Lack of sleep is the biggest challenge of parenthood, according to a survey of 50,000 parents. Nine out of ten parents said a good night’s sleep is “priceless” after you have a baby, with a third saying they have to survive on less than six hours a night.
The Pampers Golden Sleep survey, conducted on the Pampers website in December 2008, highlighted the detrimental effect that lack of sleep can have on the family – 92% of parents saying that lack of sleep affects their mood the next day.
Sleep expert Professor Stores, of the University of Oxford, says, “Sleep is vital to a baby’s development, but it is also essential for the parents. Insufficient sleep, especially over a prolonged period, can affect their relationship with their baby and each other, as well as other aspects of life including performance at work, general well-being and overall quality of life.”
The survey found that, although 94% of UK mums use a bedtime routine to help encourage their baby to sleep, evidence suggests that this routine focuses on settling baby so they fall asleep rather than developing habits that maintain an uninterrupted night-time sleep. A high proportion of babies wake up during the night wanting their parents’ attention.
Professor Stores suggests, “This survey highlights the need parents have for more information on how to promote good sleep habits in babies, and for it to be simple and effective – so they can gain a better understanding of what is ideal and possible to achieve.”
European differences in parenting styles:
Looking at the differences between parenting styles in the UK, Germany and France, the survey found that the French are less likely to intervene during the night – and potentially because of this their babies are more likely to sleep longer.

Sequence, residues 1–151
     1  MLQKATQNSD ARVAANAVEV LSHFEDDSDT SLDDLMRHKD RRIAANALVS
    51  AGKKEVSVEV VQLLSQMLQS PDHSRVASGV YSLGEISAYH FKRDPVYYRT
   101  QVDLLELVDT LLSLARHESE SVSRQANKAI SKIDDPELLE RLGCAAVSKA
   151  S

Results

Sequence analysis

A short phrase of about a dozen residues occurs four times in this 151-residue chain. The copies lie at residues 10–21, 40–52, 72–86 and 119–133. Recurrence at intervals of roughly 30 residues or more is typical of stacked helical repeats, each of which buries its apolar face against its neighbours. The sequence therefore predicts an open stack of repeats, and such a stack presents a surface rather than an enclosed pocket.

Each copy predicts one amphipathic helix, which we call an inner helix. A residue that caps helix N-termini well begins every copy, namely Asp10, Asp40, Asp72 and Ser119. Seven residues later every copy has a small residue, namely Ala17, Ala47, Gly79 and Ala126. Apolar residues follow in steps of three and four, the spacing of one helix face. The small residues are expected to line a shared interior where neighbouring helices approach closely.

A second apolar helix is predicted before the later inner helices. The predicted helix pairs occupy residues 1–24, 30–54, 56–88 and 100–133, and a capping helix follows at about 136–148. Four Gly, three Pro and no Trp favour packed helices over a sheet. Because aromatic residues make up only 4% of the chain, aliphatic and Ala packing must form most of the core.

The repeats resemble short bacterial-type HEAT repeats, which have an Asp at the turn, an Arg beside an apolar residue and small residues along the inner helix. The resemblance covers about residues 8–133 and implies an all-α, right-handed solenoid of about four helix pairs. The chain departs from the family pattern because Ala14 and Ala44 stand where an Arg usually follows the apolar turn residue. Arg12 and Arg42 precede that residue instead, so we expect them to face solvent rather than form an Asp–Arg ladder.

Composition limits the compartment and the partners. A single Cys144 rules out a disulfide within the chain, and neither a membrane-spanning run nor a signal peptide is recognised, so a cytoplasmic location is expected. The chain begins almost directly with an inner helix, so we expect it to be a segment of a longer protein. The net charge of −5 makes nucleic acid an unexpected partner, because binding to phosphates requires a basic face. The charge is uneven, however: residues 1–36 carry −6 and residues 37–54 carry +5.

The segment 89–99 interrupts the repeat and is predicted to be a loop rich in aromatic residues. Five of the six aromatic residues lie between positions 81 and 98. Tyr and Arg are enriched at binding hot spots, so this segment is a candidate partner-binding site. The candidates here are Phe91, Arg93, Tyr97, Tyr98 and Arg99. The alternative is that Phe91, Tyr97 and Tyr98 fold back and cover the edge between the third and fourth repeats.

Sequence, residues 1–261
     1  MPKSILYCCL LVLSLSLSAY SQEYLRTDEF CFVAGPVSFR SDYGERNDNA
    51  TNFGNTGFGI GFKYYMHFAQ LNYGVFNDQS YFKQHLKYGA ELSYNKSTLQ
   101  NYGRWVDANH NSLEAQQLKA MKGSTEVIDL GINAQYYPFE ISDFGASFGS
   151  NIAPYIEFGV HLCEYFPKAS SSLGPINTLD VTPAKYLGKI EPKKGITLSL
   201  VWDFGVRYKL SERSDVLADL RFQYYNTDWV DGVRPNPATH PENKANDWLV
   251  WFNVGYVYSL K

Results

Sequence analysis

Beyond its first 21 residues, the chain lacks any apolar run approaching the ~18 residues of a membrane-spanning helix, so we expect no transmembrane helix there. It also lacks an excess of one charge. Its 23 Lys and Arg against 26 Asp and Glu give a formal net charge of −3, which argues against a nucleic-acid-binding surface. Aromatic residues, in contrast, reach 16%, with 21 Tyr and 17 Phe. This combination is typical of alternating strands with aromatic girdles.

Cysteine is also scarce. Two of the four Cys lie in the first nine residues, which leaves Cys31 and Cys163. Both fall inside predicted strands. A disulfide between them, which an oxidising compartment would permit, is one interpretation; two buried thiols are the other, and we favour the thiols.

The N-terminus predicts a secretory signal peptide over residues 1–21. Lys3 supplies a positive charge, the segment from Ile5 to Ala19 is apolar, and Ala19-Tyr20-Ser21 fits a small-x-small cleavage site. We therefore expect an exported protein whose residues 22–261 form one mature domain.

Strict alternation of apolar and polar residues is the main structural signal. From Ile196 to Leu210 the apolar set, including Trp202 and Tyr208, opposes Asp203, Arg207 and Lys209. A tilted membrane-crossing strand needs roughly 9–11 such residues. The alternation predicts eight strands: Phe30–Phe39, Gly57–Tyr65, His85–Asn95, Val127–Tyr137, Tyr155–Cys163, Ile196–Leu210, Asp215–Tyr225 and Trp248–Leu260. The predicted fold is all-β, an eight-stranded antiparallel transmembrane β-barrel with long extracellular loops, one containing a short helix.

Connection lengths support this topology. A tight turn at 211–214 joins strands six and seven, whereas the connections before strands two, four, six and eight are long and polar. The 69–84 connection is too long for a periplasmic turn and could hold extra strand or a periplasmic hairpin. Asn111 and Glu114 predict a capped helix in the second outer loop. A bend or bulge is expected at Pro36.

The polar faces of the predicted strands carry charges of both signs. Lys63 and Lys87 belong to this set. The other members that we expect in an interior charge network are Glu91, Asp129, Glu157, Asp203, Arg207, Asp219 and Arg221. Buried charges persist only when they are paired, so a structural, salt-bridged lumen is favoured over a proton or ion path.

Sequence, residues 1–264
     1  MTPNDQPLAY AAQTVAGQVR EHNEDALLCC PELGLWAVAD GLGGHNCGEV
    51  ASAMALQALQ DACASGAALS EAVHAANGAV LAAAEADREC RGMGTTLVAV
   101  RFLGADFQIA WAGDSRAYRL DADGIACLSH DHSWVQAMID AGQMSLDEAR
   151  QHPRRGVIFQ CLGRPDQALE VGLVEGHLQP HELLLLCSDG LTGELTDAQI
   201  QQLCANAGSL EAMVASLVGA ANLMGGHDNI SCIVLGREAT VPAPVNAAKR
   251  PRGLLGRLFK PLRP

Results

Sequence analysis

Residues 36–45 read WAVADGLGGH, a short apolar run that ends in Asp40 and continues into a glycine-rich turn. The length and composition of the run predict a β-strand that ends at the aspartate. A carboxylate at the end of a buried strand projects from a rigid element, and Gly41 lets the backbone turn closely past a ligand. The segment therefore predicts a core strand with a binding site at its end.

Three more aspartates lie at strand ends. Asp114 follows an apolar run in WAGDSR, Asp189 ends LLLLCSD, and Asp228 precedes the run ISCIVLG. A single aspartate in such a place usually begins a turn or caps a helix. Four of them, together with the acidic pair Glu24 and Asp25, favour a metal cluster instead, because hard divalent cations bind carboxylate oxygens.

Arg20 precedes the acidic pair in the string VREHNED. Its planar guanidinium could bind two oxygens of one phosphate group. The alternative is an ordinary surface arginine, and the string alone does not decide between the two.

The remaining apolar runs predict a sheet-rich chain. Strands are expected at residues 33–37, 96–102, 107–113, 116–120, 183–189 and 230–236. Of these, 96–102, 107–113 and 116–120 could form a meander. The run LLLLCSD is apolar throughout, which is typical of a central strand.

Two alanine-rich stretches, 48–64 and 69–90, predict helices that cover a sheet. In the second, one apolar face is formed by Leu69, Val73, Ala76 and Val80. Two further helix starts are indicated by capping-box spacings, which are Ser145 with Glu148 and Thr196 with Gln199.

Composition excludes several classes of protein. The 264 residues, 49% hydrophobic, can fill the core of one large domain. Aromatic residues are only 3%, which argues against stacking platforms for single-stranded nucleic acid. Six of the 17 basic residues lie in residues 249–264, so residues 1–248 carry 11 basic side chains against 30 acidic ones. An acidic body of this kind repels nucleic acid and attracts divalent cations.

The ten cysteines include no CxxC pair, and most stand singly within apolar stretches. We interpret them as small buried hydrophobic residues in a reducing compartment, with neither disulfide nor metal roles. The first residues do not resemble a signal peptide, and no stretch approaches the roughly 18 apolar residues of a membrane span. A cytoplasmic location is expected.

UK data compared with European statistics that stand out:
- Percentage of parents who feed their baby if they wake up during the night: UK 36%, Germany 48%, France 10%
- Percentage of parents who stay with their baby if they wake during the night: UK 15%, Germany 17%, France 4%
- Percentage of parents who take child to their bed if woken up: UK 18%, Germany 23%, France 4%
- Percentage of babies who wake during the night due to a lost toy: UK 27%, Germany 47%, France 29%
- Percentage of babies that sleep less than 7 hours per night (significantly less than the ideal): UK 39%, Germany 37%, France 17%
Commenting on the study, Professor Gregory Stores says, “On the surface it looks as if French mothers seemingly take fewer steps to intervene when their babies wake up in the night, which helps them to sleep longer during the night. However, the percentage of babies waking because of a lost toy indicates that they are still perhaps using certain ‘unhelpful’ techniques to get their babies to fall asleep in the first place.”
With specific reference to the French providing far less night-time feeds, Professor Stores explains, “By the age of 4-6 months the biological clock of most full-term, healthy infants is sufficiently developed for them to be able to sleep throughout the night without needing to be fed. Unnecessarily frequent night feeds can interfere with the self soothe process as babies who are repeatedly waking up are being ‘rewarded’ by being fed. Providing your baby is putting on weight, babies who are fed less at night make up for this by tending to feed longer during the day to ensure that they obtain adequate nourishment.”
Outlining what can help promote good sleep habits in babies, Professor Stores, who is also on the Pampers Village Parenting Panel, says, “The survey findings demonstrate the need for many parents to know how best to teach their babies to go to sleep by themselves, so-called ‘self soothing’. A consistent bedtime routine that includes this – helping your baby to fall asleep without either parent having to be with them – is the number one sleep recommendation for parents.”
As further comfort to many parents, although the survey found that around a quarter of parents think it takes a month to change a baby’s sleep habits, Professor Stores considers that, with the right approach, it could actually take no more than a matter of days to change bad sleep habits.